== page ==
News Blog

1967 Reunion

1967 Reunion

th anniversary of leaving school.

Thank you for the tour of this building, which holds so many memories for us, and for this delicious morning tea.

Thank you, classmates, for coming to participate in this celebration and sharing your stories.  We remember the good times. We also remember with sadness those who have died.

A lot of living has happened over the last 50 years! Many of us have friendships that continue from our school years, and some of us are lucky enough to have experienced the school again with daughters attending Santa Maria. The annual reunions organised by Ada, and others, also keep bonds alive. It’s unfortunate that Ada and others can’t make it today.

However, all of us are seeing friends today we haven’t seen for a very long time. Perhaps you have had that experience this morning of wondering who someone is, only to find that after a few minutes of chatting, they haven’t changed at all.

You know, it’s actually 55 years since we started here as 12 year olds. I remember that first week well. I’d eagerly looked forward to coming away to boarding school. I’d read stories about girls and their adventures and was dying to find out what it was like.

The first days, maybe weeks, were an avalanche of new experiences for all of us. We were all small fish in a big pond, and the sheer number of girls was a bit overwhelming.

For the boarders, it was a total upheaval. We were probably in a bit of a daze, or constantly lost, finding our way to our beds and cubicles, working out which floor we were on, which set of stairs or corridor to take. There was a lot to learn and many things to get used to: waking up with a bell at 6.20 am, when to do your washing, when to do your music practice, what your ‘Charge’ entailed, whose turn it was for the ‘extra’ at the table, when to polish your shoes, (although that didn’t take long to learn because it was every evening!)

Day girls and boarders alike had new teachers to meet and subjects to begin, such as Latin, lots of homework and so many nuns young and old that we needed to work out or work around. It was an exciting time and it was fun. Fun? Yes, but the boarders had the additional challenge of homesickness that hit us all at different times.

We soon realised this adventure involved being away from our parents, brothers and sisters and the home we loved with its familiar and comfortable ways. We got through it together and hung out for letters and news from home, from visitors on Sunday and for the weekends out. After the initial sinking feeling of having to come back, we were soon buoyed by seeing our friends and hearing their news. We were very soon back in the swing.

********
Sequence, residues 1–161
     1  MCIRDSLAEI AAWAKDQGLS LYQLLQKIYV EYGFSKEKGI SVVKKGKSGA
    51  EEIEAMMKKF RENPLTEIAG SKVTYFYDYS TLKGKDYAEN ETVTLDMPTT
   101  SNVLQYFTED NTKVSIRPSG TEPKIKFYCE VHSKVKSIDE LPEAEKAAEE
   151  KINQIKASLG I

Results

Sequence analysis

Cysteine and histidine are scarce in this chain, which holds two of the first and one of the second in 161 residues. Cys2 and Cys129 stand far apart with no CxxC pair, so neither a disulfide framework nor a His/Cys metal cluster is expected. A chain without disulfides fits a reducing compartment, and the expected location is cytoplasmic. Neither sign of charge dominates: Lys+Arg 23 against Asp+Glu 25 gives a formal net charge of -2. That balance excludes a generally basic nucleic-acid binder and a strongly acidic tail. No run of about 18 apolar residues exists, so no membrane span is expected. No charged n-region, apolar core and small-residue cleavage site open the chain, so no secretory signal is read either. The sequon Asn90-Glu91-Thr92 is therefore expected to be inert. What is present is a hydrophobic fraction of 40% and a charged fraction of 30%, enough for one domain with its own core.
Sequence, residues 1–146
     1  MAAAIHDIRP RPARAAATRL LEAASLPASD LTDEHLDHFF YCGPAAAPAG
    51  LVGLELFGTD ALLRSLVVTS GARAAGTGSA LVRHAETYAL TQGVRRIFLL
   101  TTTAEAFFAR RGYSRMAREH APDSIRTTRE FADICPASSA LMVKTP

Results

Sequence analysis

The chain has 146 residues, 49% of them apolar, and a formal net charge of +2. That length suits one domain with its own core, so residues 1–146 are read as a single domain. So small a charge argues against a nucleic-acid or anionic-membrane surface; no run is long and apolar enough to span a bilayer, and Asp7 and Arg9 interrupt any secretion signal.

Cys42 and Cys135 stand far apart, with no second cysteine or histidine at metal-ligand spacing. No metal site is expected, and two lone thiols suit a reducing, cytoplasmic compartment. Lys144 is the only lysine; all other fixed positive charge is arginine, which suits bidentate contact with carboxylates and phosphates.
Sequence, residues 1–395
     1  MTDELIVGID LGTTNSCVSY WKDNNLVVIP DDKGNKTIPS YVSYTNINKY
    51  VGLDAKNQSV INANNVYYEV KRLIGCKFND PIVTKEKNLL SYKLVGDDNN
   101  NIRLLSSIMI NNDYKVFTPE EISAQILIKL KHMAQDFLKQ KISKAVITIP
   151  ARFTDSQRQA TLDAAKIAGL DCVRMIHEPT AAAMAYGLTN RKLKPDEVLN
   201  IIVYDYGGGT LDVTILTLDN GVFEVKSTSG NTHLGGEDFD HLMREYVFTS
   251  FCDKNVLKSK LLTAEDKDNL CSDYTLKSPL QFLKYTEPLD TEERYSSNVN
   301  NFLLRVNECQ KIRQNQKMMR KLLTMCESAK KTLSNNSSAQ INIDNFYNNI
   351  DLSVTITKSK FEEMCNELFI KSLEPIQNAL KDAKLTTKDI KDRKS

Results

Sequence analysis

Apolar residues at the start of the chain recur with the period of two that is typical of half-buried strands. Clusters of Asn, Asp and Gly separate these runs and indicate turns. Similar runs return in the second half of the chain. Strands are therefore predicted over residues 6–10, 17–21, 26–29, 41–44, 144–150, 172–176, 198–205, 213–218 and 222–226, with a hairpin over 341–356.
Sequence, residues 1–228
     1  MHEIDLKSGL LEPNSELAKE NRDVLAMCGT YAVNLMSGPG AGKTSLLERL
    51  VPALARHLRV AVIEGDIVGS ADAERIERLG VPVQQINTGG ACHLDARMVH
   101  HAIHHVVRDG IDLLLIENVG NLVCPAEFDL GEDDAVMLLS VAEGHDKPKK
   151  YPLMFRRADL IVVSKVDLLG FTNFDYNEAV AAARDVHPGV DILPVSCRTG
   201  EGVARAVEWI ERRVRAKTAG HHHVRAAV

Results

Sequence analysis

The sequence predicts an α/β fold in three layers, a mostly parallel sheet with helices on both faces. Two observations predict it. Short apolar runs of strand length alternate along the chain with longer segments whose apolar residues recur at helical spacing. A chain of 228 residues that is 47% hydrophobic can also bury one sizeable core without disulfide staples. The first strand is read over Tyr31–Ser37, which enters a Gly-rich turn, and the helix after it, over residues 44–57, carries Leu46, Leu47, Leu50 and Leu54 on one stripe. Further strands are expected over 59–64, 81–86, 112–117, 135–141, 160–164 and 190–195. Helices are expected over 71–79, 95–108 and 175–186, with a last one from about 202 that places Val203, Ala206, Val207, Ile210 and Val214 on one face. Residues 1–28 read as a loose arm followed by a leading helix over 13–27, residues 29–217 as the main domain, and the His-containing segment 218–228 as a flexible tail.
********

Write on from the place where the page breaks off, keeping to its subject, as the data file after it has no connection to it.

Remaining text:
It’s with gratitude that I look back on my five years at Santa Maria. I think we are all grateful to our parents for making the sacrifices, both financial and emotional, to send us to a good school. Thanks also to the nuns and staff at Santa who worked hard to give us a sound education. And I thank all of you for being part of those important formative years.

We were very fortunate to have seen many women take leadership roles, which wasn’t common in those years unless you were at a girls’ school. Over the years we’re aware of graduates from Santa who have taken prominent roles in society and government. Many of us have had less public roles but we have retained the Christian values and ideals practised during those years. We developed independence and resilience to face what life had and still has in store for us whatever path we followed.

While we were working out what life was about and what made us tick, big things were happening in the world – President Kennedy was assassinated and the Beatles took the world by storm. We were excited to go out into this world and the next stage of our lives.

There’s so much more to share – I haven’t mentioned sport, lining up to go to Mass and benediction, the school ball, the mile, the Saturday night movies, Sunday night dancing, climbing out the music room windows, looking longingly at the yachts on the river on the weekend, but I’ll leave you to reminisce on these and more!

Education has changed vastly since our day. It’s wonderful to see the range of subjects and opportunities and facilities provided today. I’m sure we all follow with great interest and pride, the continuing success of our old school. We wish Santa Maria the very best in the future.

Once again thank you Ian and the OGA.

Christine Meaton (Norris, Class of 1967 )

Scroll to Top
X